They demanded the school compile data on antisemitic incidents and adopt the IHRA definition of antisemitism, which includes anti-Zionism.
Dinowitz shared anecdotes of anti-Jewish racism on campus, saying the environment emboldened hatred toward Jews. Jewish students who were praying were called “dirty Jews” with no response from the administration, he said. In other cases, students called for targeting Jews, spoke in favor of Adolf Hitler and made jokes about putting Jews in ovens.
Pro-Palestinian groups, including Students for Justice in Palestine, were consistently accused of harassing and targeting Jewish students. Protests by the groups on city streets have included violence against Jews.
Zachary Beer, a recent CUNY graduate who had been a leader of a campus Hillel program, said other clubs had refused cooperate with the Jewish group due to pressure from Students for Justice in Palestine. He said vandals drew a swastika on the Hillel office door, to which the administration responded by putting up a security camera but nothing more.
“I personally felt less safe on campus. In fact, until campus-based learning was suspended due to COVID, I was constantly nervous about antisemitic actions,” he said. He avoided almost all in-person classes for the rest of his studies.
A former professor, who declined to share her name because she feared losing work opportunities, said a group of Jewish instructors were fired last year around the time of Israel’s conflict with Gaza. The administration provided no reason for the dismissals, she said.
She had taught for over 20 years and had witnessed a series of incidents veering into antisemitism. Jewish groups were deprived of funding and were regularly shouted down and silenced by opponents, she said.
“There’s a decline in the population of Jewish students and there’s this fear, there’s this non-verbal fear,” she said. “I know a lot of faculty who are disgusted with what they’re doing.”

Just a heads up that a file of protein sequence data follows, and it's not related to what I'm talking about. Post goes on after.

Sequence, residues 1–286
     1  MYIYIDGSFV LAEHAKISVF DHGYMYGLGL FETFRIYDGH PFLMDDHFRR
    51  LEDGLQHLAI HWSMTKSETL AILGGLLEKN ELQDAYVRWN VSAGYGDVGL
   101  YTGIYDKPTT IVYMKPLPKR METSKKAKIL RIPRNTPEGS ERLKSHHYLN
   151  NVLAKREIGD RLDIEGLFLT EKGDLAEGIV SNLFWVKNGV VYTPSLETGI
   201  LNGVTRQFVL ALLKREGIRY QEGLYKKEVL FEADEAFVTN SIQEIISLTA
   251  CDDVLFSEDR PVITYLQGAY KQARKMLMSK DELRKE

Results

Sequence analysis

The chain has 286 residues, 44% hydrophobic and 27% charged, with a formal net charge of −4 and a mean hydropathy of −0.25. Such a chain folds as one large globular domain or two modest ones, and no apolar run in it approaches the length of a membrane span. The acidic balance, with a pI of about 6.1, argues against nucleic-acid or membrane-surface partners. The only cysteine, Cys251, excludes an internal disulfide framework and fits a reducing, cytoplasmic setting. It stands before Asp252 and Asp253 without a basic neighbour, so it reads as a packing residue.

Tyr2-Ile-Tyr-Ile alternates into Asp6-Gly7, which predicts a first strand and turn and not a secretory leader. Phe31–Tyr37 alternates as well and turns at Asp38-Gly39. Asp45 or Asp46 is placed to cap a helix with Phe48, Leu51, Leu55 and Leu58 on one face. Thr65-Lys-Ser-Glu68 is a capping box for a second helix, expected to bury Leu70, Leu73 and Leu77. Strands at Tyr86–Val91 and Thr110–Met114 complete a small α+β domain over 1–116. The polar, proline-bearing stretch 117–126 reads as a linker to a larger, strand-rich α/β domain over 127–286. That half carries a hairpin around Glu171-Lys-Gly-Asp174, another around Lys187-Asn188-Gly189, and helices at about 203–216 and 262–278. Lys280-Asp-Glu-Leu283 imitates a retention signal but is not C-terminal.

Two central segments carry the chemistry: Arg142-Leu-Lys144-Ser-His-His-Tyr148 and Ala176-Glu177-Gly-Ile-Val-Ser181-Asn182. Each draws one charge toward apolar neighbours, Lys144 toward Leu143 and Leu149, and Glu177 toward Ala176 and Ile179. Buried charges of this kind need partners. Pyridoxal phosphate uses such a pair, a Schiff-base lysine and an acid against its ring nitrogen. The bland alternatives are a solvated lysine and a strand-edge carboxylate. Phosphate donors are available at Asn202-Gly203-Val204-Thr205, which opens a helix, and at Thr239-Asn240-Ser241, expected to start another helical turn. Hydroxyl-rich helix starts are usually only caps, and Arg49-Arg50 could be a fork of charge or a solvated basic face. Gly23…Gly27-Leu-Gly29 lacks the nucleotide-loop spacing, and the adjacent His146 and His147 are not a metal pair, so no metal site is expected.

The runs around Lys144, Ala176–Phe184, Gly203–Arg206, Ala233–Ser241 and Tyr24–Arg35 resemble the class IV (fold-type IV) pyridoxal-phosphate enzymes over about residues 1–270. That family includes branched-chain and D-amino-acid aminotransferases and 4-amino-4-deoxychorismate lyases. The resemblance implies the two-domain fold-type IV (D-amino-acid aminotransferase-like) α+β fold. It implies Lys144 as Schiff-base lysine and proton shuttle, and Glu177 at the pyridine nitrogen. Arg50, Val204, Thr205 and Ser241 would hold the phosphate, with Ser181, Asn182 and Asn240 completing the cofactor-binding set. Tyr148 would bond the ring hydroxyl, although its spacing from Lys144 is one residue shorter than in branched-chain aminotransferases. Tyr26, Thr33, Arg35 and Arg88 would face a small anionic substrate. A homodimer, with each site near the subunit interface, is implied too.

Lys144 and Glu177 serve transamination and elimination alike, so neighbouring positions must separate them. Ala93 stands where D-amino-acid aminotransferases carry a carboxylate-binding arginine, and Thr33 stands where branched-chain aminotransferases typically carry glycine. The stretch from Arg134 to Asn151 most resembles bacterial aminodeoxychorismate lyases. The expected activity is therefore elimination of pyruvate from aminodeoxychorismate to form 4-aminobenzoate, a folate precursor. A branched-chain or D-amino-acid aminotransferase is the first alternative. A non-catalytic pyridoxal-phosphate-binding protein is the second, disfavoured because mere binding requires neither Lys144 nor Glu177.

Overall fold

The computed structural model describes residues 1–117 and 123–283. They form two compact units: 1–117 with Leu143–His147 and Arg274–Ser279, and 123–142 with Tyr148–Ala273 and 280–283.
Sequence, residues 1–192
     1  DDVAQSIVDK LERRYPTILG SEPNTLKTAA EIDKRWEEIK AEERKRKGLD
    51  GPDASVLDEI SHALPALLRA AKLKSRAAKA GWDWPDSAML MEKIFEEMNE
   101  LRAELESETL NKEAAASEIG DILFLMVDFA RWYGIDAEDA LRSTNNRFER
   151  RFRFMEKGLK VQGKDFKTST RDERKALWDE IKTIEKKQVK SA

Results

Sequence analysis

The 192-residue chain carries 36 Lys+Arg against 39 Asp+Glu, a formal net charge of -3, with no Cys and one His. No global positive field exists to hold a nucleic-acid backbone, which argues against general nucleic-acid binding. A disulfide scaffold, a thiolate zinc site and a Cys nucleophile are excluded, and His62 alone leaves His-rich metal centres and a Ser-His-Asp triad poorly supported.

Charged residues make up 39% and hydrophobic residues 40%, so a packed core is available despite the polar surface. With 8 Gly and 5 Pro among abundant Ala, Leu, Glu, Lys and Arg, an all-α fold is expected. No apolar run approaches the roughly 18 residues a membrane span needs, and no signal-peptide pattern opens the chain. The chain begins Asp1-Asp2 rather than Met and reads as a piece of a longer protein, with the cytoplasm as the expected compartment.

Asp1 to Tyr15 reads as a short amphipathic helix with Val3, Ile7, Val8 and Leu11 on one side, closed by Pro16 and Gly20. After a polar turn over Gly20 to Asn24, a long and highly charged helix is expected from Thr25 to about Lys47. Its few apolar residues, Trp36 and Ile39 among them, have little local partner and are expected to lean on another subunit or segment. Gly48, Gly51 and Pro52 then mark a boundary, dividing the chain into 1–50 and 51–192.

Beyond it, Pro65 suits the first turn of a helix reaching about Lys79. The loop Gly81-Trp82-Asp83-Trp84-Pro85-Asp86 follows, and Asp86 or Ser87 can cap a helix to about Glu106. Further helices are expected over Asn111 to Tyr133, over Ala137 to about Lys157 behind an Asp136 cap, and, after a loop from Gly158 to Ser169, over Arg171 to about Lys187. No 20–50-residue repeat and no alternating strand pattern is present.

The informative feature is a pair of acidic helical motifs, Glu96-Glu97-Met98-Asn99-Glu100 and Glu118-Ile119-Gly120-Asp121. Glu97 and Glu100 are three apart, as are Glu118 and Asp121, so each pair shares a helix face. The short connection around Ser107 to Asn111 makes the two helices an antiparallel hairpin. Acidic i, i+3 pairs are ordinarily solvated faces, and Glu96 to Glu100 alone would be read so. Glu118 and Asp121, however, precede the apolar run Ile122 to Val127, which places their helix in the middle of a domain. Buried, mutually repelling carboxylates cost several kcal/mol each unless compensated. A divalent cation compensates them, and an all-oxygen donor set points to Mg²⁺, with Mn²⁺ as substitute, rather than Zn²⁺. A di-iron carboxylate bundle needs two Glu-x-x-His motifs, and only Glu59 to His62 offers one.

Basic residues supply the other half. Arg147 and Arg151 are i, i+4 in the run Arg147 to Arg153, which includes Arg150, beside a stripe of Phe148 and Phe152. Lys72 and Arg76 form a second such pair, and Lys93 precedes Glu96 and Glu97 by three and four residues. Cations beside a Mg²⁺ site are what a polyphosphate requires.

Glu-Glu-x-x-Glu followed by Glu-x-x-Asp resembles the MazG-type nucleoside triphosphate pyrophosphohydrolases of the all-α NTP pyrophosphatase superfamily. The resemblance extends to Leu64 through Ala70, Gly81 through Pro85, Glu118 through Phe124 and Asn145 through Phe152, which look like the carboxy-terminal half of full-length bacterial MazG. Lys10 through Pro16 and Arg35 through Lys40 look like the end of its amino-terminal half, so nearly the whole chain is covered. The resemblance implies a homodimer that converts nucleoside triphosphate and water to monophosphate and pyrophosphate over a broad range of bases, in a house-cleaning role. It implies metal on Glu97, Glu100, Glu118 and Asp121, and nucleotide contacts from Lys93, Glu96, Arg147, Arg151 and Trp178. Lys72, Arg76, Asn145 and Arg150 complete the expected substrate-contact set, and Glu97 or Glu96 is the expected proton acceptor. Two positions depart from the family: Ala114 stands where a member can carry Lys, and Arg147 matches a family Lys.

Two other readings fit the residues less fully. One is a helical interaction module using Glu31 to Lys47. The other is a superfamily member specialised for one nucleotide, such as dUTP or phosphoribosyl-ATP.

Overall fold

“Every professor is afraid to say a word,” she said.
Aliyah Jacobson, a recent graduate, said she had been jeered as a “murderer” during an event and then had difficulty filing a complaint.
“I felt like a target,” she said. “This was very detrimental to my mental health.”
The AMCHA advocacy group has recorded over 150 antisemitic incidents on 11 CUNY campuses since 2015.
Some speakers disputed the problem. City Council Member Charles Barron made an appearance opposing the committee’s position, saying Israel supporters couldn’t handle “truth” and “other perspectives.”
“If I say Israel murdered innocent children in the Gaza Strip then I’m ‘antisemitic,'” he said. “That is not antisemitism, that is political disagreement.”
Antisemitism has been a growing concern on CUNY campuses in recent years as anti-Israel activities became more prominent and anti-Jewish crime surged in New York City.
In some of the recent incidents, the student government and faculty of CUNY Law voted to endorse the BDS movement in May. The student resolution demanded CUNY cut ties with Israel, divest from the Jewish state and accused the school of being “directly complicit in ongoing apartheid, genocide, and war crimes perpetrated by the Jewish state.” The CUNY faculty union has also passed anti-Israel resolutions.
Also in May, a prominent pro-Palestinian activist, Nerdeen Kiswani, gave a commencement speech at a graduation ceremony that was largely directed against Israel. During the speech, she said she was “facing a campaign of Zionist harassment by well-funded organizations with ties to the Israeli government and military,” to applause from her classmates. At regular protests, Kiswani advocates the destruction of Israel, a “global intifada” and targeting Jews.
In February, the US Department of Education opened an investigation into allegations of widespread harassment of Jewish students at Brooklyn College, which is part of CUNY.